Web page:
Wednesday, 22 June 2011

The Genius of Warren Buffet

 Warren Buffet is one of the most successful investors of all time. The numbers speak for themselves. Berkshire Hathaway, Buffet’s holding company has averaged an annual growth rate of 20.3% to its shareholders over the last 44 years. If we compare the company’s returns against the normal stock indices, his performances are even more remarkable. Berkshire Hathaway produced a total return of 76% from 2000-2010, as opposed to a negative return of 11.3% for the S & P 500 for the same period.

So how does Warren Buffet make so much money for his shareholders? Buffet is a discipline of Benjamin Graham, and his system of value investing. At its core, this is a system of investing whereby a company is purchased at a price which can be considered under valued. Needless to say, buying companies at good prices is not an easy activity, but requires endless patience to wait for the right moment. Unlike most fund managers who are passive investors, Buffet is an active investor. But, Buffet does not just buy a small shareholding in a company, like most fund managers, he will often buy the whole company. By this method, he can exert a decisive influence on how the company is managed.

Many of Buffet’s early company purchases were insurance companies, which are effectively, if well managed,  money machines because they receive great quantities of cash by means of insurance premiums. But, today Buffet’s principles of management have been spread to a whole range of companies including railroads, confectionery, retail, home furnishings, encyclopaedias, manufacture of vacuum cleaners, jewellery sales; newspaper publishing; manufacture and distribution of uniforms; as well as several regional electric and gas utilities.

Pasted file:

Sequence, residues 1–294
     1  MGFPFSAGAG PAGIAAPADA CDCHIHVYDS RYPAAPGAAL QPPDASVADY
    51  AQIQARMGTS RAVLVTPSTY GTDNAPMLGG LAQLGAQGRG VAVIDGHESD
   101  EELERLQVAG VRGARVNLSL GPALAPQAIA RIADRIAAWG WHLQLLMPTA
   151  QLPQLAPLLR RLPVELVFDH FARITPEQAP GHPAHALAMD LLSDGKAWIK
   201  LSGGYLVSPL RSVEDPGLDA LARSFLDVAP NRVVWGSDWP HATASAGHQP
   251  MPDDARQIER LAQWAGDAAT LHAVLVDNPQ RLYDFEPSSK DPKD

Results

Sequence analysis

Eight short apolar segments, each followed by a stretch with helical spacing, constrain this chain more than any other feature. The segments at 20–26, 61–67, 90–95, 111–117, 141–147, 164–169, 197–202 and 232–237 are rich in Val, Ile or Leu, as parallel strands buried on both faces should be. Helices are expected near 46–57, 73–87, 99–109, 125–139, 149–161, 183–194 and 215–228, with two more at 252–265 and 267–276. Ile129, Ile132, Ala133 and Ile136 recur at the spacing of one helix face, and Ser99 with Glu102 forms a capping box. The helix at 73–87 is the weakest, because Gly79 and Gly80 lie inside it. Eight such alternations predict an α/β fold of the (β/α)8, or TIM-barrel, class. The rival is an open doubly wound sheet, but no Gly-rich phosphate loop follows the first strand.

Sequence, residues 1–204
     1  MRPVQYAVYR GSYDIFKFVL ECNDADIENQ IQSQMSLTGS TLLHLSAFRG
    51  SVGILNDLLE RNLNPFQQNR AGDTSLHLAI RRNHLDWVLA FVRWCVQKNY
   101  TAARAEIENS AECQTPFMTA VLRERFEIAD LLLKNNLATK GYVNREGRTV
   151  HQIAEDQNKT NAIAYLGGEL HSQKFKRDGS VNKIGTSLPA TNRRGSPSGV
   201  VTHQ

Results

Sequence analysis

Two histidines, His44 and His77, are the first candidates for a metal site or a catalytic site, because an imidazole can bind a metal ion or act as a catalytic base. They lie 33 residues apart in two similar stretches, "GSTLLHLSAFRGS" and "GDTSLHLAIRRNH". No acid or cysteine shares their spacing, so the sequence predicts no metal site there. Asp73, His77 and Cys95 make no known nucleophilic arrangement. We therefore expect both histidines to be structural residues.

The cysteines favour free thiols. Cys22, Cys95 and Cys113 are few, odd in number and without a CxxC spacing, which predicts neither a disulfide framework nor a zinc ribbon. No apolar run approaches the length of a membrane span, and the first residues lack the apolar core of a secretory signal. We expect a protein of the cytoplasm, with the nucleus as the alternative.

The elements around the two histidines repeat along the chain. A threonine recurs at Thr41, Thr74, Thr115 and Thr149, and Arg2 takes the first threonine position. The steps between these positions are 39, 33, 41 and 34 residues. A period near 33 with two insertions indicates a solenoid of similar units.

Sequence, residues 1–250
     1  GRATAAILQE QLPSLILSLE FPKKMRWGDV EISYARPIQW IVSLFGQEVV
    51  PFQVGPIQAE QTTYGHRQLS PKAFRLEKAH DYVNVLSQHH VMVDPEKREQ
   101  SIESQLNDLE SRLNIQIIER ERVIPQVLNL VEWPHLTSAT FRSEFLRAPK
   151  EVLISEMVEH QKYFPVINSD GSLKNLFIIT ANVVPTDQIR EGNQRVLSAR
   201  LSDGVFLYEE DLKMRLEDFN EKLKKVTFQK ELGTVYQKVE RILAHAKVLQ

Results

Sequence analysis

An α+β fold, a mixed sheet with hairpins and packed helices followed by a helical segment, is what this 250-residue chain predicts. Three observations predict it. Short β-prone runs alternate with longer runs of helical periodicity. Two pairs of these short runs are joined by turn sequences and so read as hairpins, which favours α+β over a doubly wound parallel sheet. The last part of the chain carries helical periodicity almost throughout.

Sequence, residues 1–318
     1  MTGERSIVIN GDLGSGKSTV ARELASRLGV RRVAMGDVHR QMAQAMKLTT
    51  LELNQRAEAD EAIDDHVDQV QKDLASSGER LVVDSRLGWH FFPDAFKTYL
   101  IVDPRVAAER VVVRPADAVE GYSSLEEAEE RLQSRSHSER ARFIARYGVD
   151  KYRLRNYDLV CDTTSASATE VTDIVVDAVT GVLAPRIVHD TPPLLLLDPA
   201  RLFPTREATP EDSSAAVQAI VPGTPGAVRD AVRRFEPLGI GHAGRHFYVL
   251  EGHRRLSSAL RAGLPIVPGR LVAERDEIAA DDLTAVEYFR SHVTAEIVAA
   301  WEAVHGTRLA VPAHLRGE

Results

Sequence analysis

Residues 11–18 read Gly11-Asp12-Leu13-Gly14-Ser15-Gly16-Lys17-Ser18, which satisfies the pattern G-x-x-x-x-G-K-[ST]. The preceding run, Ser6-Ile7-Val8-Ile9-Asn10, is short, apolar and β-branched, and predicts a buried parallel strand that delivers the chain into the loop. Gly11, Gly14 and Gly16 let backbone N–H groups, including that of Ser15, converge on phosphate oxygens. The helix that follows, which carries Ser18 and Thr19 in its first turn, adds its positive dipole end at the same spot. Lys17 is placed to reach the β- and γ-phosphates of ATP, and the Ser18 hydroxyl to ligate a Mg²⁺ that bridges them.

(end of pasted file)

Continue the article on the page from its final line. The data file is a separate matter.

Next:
So what are the principles Buffet uses to manage the companies he owns? Buffet leads from the front with everything he does, by setting a personal example. This immediately cuts out excesses in salaries and management expenses. His own salary is fixed at $100,000 and has remained the same for many years, despite being one of the richest men in the world. His companies also eschew debt as much as possible. Buffet creates the right balance in his companies between the major interest groups of shareholders, management and employees.

Buffet employs serious professional management who are given the freedom to manage the companies for the long term according to the principles established by him. They are accountable to him for the management and results they produce.

Buffet only invests in companies he knows and understands. He sticks to his guns through thick and thin and does not let himself be distracted by market reactions or criticism of his way of investing. During the Dotcom boom Buffet was widely criticised by many critics who argued he had not only missed the technology boom, but also that he had not adapted his methods to the ‘new market dynamics’. The subsequent crash of technology companies showed that all companies have to abide by the same rules, and that some technology companies can also become obsolete and worthless very quickly.

Buffet has shown beyond all doubt that his principles work over long periods of time, and many other investors could do no better than to heed his wise words and methods of investment.

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